Part 1: Important Fine Art
27 November 2013


(1848 - 1904)

oil on canvas on board

42.0 x 52.0 cm

inscribed lower centre: “EUCHRE IN THE BUSH”

$20,000 - 30,000

Private collection, Melbourne

Catalogue text

Joseph Colin Francis Johnson was born in King William Street, Adelaide, in February 1848. In the early fifties he moved with his family to Victoria and was educated at the Geelong National Grammar School. Returning to South Australia in 1868, he joined the literary staff of The Register, winning favourable comment for his articles on mining and viticulture.

In 1880 he became proprietor and editor of Adelaide Punch, frequently contributing comic and satirical drawings during the several years that he conducted the paper. While holding this position, Johnson became prominently identified with gold mining and devoted his energies to promoting the mining interests of South Australia. He published many works on the subject including On the Wallaby, or Tales from the Men's Hut. In 1880 he rode to the Mount Browne Diggings and subsequently wrote accounts of his experiences in Moses and Me and To Mount Browne and Back. In London in 1895, he presented his collection of Australian nuggets to the British Museum, and a number of the most valuable and ornamental specimens to Queen Victoria who reciprocated with a large handsomely framed portrait of herself.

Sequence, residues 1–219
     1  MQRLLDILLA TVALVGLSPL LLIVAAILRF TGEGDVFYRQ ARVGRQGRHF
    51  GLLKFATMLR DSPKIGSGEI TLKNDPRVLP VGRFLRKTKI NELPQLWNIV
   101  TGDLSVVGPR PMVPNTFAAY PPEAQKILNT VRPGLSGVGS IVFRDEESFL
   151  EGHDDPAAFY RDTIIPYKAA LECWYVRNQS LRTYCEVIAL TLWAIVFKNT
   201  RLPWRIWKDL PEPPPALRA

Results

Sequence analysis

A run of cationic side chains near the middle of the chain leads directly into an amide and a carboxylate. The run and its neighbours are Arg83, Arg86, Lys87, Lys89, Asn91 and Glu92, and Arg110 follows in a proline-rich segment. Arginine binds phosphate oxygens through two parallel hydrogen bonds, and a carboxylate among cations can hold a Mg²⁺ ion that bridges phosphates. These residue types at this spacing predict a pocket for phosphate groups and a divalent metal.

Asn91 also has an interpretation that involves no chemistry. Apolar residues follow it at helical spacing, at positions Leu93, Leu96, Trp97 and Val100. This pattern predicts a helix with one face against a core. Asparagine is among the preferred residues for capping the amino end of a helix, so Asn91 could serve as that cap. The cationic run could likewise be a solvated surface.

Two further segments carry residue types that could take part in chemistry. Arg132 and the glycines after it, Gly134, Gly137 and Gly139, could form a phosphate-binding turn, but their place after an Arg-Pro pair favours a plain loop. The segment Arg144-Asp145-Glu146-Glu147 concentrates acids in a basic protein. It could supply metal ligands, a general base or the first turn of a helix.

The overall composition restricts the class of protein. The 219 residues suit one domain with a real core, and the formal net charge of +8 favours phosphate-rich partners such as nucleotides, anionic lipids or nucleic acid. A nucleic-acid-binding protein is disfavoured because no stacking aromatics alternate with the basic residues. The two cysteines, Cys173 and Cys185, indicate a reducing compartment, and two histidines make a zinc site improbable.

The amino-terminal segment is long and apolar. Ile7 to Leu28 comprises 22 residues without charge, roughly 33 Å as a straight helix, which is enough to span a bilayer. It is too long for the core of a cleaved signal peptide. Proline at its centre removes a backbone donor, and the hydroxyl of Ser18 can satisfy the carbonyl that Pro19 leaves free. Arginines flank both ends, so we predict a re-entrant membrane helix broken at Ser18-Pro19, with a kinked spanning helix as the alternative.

In 1884 he entered parliament as the member for Onkaparinga and in 1887 accepted the portfolio of Minister of Education, remaining in office for a period of two years. Johnson's name was prominently associated with the arts. As dramatic critic of The Register from 1875 to 1880, he took a deep interest in theatre and was involved in the Shakespearean revival in the Adelaide Theatre Royal. He was also known as a keen judge of pictures and his own black and white sketches were highly regarded. While on a European tour he purchased the painting Golden Autumn by Charles Stuart and presented it to the South Australian National Gallery.